Top Republicans Promise Tax Details Later This Month

Updated on
  • Corporate rate, interest deduction specifics said to be coming
  • Hatch: Big Six framework won’t dictate committee’s direction

Kevin Brady

Photographer: Andrew Harrer/Bloomberg

U.S. companies can expect to learn more about the tax rate they’d pay and the deductions they’d be allowed to claim on interest payments later this month as part of a new framework for overhauling the U.S. tax code, Treasury Secretary Steven Mnuchin said Thursday.

But neither Mnuchin nor House Ways and Means Chairman Kevin Brady -- who both appeared at a tax event sponsored by Politico Pro -- specified the corporate tax rate or offered much new detail.

Brady said proposed limits on the “net interest deductibility” available to U.S. corporations would likely allow existing loans to be grandfathered in, and officials are working on ways to provide exemptions to small businesses and agriculture. He said he knew that limiting interest deductibility would be “a significant change.” A spokeswoman for Brady, a Texas Republican, said she had nothing to add to his remarks Thursday afternoon.

Brady, Mnuchin and other Republican leaders who have been trying to hammer out a tax plan -- a group known as the Big Six -- plan to release a framework for the legislation during the week of Sept. 25. Interest groups are gearing up to pressure lawmakers to pass an overhaul before the end of this year -- a task that Brady called “ambitious.” During a conference call Thursday, conservative interest groups warned of “bleak” prospects for Republicans in next year’s elections if a tax overhaul fails in Congress.

The status of corporate interest deductibility has been one of the major unanswered questions for businesses this year. A blueprint for tax legislation released in June 2016 -- backed by Brady and House Speaker Paul Ryan -- called for eliminating the ability to deduct interest. But President Donald Trump and his advisers have signaled a preference for keeping the tax break. A statement released in July by White House officials and congressional leaders involved in tax negotiations didn’t mention the issue.

No ‘Rubber Stamp’

“We will continue to work toward some changes, but in a way that creates certainty and helps us grow the economy in a big way,” Brady said Thursday.

He cautioned that the tax framework that will be released in two weeks -- which Trump administration officials have billed as an attempt to create a unified approach -- will include greater detail, but won’t answer every question.

Brady’s counterpart in the Senate -- Orrin Hatch, chairman of the Senate Finance Committee -- is already raising questions about just how unified that framework will be. During a committee hearing earlier Thursday, he said that although he’s a member of the Big Six group, it “will not dictate the direction we take in this committee.”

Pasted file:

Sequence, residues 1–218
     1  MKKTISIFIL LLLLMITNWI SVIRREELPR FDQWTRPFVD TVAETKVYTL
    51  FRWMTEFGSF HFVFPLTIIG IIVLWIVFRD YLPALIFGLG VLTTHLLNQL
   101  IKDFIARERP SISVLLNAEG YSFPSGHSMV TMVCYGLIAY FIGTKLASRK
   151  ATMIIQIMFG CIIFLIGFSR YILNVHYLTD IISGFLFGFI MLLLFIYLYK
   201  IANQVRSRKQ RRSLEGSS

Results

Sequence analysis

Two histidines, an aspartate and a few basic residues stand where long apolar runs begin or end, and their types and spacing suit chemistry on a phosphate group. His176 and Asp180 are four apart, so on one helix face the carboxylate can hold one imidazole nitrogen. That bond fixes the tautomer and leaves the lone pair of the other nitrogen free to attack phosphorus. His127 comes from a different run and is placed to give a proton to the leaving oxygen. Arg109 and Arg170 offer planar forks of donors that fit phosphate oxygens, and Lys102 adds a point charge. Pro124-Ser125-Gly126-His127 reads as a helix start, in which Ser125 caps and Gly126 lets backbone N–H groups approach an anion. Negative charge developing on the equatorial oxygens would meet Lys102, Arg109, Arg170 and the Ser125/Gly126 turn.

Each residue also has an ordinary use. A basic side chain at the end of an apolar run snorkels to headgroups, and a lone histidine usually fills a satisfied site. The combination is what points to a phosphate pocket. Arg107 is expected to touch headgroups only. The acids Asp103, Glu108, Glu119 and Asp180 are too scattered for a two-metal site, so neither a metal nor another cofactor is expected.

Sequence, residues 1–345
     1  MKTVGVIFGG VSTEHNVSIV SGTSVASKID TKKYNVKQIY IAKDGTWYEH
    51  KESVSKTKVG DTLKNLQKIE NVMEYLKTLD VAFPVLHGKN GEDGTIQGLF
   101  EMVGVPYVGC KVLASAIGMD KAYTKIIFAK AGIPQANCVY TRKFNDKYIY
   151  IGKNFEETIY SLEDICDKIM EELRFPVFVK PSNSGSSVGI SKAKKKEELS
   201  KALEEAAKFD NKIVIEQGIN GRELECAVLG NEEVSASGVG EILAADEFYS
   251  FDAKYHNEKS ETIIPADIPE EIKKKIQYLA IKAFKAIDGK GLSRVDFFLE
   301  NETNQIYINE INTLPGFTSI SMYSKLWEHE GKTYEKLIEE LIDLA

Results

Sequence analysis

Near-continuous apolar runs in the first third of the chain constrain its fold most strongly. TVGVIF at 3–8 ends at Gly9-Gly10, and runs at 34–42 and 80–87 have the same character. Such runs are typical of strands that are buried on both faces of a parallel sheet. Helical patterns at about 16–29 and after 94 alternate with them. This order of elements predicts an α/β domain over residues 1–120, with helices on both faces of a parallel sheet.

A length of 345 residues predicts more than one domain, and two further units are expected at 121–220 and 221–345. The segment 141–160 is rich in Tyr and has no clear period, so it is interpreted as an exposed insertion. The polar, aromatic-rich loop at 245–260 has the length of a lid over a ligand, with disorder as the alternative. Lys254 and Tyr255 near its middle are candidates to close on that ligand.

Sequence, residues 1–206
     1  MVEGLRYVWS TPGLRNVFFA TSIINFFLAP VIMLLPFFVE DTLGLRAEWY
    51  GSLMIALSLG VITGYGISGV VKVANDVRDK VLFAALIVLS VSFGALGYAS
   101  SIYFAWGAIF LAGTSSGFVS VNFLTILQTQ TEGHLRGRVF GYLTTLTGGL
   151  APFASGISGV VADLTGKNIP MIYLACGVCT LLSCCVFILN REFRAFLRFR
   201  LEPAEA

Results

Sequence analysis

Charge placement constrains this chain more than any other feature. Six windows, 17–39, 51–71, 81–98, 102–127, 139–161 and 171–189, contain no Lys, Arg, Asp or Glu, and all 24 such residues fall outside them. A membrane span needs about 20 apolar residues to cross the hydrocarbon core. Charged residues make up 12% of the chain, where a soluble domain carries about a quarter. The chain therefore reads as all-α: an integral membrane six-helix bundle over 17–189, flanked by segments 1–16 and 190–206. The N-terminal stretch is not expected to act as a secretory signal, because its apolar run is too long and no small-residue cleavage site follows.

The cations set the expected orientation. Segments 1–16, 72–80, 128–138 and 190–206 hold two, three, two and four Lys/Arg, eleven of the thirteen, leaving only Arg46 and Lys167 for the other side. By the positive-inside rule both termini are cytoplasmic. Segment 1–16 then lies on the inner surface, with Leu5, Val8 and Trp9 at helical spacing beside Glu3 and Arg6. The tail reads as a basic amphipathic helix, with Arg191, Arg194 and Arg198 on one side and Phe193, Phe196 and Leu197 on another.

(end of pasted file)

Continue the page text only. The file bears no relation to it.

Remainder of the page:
“My goal is to produce a bill that can get through this committee,” Hatch said. And he cautioned that the panel won’t merely provide a “rubber stamp.”

President’s Outreach

Meanwhile, the president has been engaging with Democrats in bipartisan gatherings as part of discussions on taxes this week. Trump reiterated his support Thursday for a tax plan that benefits the middle class and brings companies back to the U.S.

After suggesting Wednesday that the ultimate legislation might mean higher taxes for the wealthy -- in comments that got mild pushback from congressional Republicans -- Trump altered his comments slightly Thursday. “I don’t think we’ll have to” raise taxes on high earners, Trump said. But he stressed that his priorities will be “people in the middle class” and seeking a corporate tax rate of 15 percent, down from the current 35 percent.

Mnuchin said during the Politico event that even if the top individual income tax rate is reduced, it will be offset by the elimination of deductions, so “there’s not a tax cut for the rich.” But he reiterated the administration’s commitment to eliminating the estate tax -- a 40 percent levy that’s applied to estates worth more than $5.49 million for individuals and $10.98 million for married couples.

Brady said Thursday he thought the president’s outreach to Democrats was helpful and that there would be unity around middle-class tax cuts and business tax changes that would bring jobs back from overseas.

2018 Elections

Interest groups are continuing to pressure the GOP to get a tax overhaul completed this year, and emphasizing the negative effect a failure would have on elections.

“2018, we believe, will be bleak if Congress has nothing to show after a year of complete control,” Tim Phillips, the president of Americans for Prosperity, said during a conference call Thursday of 88 organizations that have banded together to advocate for a tax revamp in 2017. Americans for Prosperity is backed by billionaire industrialists Charles and David Koch.

Timely passage of a tax bill will determine the 2018 and 2020 elections, and it’s essential that voters feel the effects of a tax overhaul before 2018, Grover Norquist, president of Americans for Tax Reform, also said during the call.

Brady said his committee is ready to get the job done, while acknowledging that it took more than two and a half years to pass the last major tax overhaul in 1986.

Still, he maintained that the year-end target is necessary.

“You know how Congress works,” Brady said. “If the deadline is at midnight, we start working on it at 11:15 and go past it.”

— With assistance by Sahil Kapur, Ben Brody, Lynnley Browning, and Saleha Mohsin

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